0 Communities
1 Members
0 Resources
16 MeSH Terms
OPPORTUNITY™: a large-scale randomized clinical trial of growth hormone in hemodialysis patients.
Kopple JD, Cheung AK, Christiansen JS, Djurhuus CB, El Nahas M, Feldt-Rasmussen B, Mitch WE, Wanner C, Göthberg M, Ikizler TA
(2011) Nephrol Dial Transplant 26: 4095-103
MeSH Terms: Adult, Aged, Aged, 80 and over, Double-Blind Method, Female, Human Growth Hormone, Humans, Hypoalbuminemia, Male, Middle Aged, Renal Dialysis, Young Adult
Show Abstract · Added September 29, 2014
BACKGROUND - Adult maintenance hemodialysis (MHD) patients experience high mortality and morbidity and poor quality of life (QoL). Markers of protein-energy wasting are associated with these poor outcomes. The OPPORTUNITY™ Trial examined whether recombinant human growth hormone (hGH) reduces mortality in hypoalbuminemic MHD patients. Secondary end points were effects on number of hospitalizations, cardiovascular events, lean body mass (LBM), serum proteins, exercise capacity, QoL and adverse events.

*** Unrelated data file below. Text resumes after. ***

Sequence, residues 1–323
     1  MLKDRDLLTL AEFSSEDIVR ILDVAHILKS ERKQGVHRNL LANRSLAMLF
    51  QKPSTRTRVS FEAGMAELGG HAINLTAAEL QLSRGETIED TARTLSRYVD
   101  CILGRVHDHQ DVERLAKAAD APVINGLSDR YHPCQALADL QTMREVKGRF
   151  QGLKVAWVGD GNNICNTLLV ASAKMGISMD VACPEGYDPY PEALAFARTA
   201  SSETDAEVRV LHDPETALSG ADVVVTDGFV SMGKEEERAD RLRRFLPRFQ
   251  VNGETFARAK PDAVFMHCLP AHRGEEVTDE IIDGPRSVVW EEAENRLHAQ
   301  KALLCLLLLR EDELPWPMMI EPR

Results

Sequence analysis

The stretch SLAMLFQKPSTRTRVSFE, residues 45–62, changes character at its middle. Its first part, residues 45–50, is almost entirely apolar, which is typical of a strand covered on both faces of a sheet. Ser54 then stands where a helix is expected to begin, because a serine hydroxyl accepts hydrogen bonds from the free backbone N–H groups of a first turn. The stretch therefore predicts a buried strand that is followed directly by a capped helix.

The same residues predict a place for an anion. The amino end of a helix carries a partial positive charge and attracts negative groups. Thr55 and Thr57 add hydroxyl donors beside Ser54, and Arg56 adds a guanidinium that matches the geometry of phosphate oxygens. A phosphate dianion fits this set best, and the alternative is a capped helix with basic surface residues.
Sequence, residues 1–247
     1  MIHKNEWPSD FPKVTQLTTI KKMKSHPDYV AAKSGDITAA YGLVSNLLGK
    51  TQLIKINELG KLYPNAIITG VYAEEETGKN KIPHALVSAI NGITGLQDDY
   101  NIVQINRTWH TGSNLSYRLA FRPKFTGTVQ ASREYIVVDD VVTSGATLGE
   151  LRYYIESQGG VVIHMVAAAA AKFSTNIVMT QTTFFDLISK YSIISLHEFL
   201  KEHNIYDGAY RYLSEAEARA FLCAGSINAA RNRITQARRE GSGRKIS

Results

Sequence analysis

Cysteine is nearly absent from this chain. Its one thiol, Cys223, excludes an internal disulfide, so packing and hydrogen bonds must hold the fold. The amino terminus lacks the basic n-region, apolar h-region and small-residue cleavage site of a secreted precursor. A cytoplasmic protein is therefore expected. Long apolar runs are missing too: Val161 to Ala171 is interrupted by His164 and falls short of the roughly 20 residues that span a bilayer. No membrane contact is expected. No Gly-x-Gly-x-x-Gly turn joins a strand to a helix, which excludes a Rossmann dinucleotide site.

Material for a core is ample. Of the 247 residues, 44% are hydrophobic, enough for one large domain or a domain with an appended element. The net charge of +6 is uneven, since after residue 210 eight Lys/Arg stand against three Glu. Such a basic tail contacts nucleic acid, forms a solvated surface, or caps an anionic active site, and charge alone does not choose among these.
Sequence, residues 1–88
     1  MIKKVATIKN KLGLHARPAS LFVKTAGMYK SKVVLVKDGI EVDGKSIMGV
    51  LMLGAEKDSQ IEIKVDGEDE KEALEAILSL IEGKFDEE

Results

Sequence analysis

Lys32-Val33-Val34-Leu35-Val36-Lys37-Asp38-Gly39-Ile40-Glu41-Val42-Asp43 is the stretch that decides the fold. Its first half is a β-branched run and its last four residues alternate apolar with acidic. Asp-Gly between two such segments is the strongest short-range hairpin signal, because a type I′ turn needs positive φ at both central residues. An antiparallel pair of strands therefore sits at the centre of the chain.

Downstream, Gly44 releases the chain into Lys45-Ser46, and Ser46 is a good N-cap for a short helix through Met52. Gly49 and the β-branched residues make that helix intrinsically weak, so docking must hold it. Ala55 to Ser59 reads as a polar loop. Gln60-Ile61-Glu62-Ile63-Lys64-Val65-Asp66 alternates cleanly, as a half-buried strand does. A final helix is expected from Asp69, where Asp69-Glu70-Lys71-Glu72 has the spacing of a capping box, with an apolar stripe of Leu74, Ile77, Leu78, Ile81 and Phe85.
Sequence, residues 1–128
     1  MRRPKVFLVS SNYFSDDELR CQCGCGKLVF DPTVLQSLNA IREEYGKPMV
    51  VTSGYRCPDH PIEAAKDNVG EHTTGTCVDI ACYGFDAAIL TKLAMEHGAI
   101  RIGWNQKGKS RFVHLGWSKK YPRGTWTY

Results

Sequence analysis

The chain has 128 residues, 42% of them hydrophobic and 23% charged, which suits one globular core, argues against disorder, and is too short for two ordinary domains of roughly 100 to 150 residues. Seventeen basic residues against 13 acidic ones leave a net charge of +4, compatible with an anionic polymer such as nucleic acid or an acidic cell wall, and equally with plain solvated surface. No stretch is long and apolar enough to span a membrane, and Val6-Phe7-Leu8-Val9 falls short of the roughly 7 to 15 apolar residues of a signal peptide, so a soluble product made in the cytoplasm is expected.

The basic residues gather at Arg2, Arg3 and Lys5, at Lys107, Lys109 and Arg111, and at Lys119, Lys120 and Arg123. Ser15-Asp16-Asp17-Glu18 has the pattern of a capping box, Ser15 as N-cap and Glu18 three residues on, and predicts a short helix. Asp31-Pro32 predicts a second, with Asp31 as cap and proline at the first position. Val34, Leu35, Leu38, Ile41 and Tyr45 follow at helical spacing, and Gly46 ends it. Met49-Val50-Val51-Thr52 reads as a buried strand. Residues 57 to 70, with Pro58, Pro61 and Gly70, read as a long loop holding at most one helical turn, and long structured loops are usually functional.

METHODS - We performed a randomized, double-blind, placebo-controlled, multicenter multinational trial stratified for diabetic status. Clinically, stable adult MHD patients with serum albumin <4.0 g/dL were randomized to subcutaneous injections of hGH, 20 μg/kg/day, or placebo. Planned treatment duration was 24 months for 2500 patients. The trial was terminated early due to slow recruitment.